Trailer orders rebounded in November as manufacturers took orders that will push backlogs into the third quarter of 2022. Is the supply chain improving or is it just wishful thinking?
“I think this is a blip,” David Giesen, vice president of sales at Wisconsin-based Stoughton Trailers, told FreightWaves. “The supply chain really hasn’t improved, and in some cases, it has worsened.”
Consensus among trailer manufacturers and analysts suggested that November’s 89% month-over-month improvement had more to do with processing paperwork than an end of shortages and volatile commodity prices for steel, aluminum and wood used to make trailers.
FTR Transportation Intelligence said preliminary orders of 32,000 likely would be the highest month this year and the best since December 2020. On a 12-month rolling basis, orders total 267,000 units, at the high end of what the industry could produce — if it had everything it needed.
ACT Research reported 31,000 preliminary orders for November, 78% ahead of October. Long lead times for production stretch into the second half of 2022, according to Frank Maly, ACT Research director of commercial vehicle transportation analysis and research.
Reluctantly taking orders
“More OEMs began to accept orders in November, an indication that they are growing more comfortable with the likely path of market factors such as component availability and pricing, as well as staffing,” Maly said.
The rebound in orders also suggests that some trailer manufacturers that held off writing orders for 2022 because of the inability to accurately price them finally relented.
“Most likely this would be a function of multiple OEMs opening up orders for 2022, allowing fleets to move forward with their planning,” said Sean Kenney, chief sales officer of Hyundai Translead, the market leader in dry vans.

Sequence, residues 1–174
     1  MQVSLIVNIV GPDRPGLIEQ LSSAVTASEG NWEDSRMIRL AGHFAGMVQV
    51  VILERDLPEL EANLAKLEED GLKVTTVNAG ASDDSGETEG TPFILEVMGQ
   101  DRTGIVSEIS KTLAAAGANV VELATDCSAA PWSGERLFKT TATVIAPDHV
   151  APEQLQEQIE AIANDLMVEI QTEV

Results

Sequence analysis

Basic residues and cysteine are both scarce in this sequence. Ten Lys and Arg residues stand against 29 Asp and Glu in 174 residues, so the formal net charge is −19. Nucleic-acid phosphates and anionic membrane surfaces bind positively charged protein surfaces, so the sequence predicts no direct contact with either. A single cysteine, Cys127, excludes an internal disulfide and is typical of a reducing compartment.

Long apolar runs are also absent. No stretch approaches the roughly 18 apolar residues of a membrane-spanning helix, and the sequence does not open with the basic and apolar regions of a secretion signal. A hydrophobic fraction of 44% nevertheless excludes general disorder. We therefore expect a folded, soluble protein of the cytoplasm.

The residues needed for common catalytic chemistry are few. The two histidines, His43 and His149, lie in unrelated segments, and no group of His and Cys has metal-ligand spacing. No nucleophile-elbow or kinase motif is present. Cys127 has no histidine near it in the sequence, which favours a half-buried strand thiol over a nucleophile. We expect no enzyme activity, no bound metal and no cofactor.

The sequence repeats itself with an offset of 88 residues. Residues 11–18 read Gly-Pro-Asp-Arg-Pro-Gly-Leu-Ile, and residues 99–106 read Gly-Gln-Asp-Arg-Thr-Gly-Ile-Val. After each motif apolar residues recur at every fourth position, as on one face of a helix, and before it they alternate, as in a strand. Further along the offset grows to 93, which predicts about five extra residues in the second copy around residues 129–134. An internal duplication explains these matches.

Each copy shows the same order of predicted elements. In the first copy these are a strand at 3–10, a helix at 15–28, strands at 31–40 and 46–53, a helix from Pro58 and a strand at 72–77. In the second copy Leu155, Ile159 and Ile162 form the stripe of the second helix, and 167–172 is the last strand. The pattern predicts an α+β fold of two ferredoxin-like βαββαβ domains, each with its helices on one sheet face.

Giesel said, “This is a case of writing some of the pending orders that have been sitting in the queue for a long time. [We] need to do this to get visibility and everything on order.”
Dry and refrigerated van and flatbed orders improved as OEMs finalize Q1 production schedules and try to manage backlogs while struggling with supply chain disruptions.
“The supply chain continues to struggle to meet demand in multiple aspects,” Kenney told FreightWaves.
Supply chain disruptions far from over
Don Ake, FTR vice president of commercial vehicles, said he sees the rebound — after nine months of orders below 30,000 — as a sign of increased confidence for a robust 2022.
Watch now: The latest in trailer tracking and sensing technology
“Fleets are signaling they will need considerably more trailers in 2022 to handle the freight growth and relieve some of the pressures in industry capacity and the spot markets,” Ake said. “It also indicates the OEMs are beginning to look forward beyond Q1 and expect to be able to lift build rates at some point.”
But the uncertainty remains and may prevent a follow-on performance in December or January.
“Quoting prices for future sales remains a challenge and some OEMs are employing surcharges and other tactics to manage new orders and total backlog,” Ake said.
Chris Hammond, executive vice president of sales at Great Dane, said he thinks supply chain issues will frustrate the industry for several more months.
“There are small wins in some areas,” he said, “but unfortunately there are new problems in other areas.”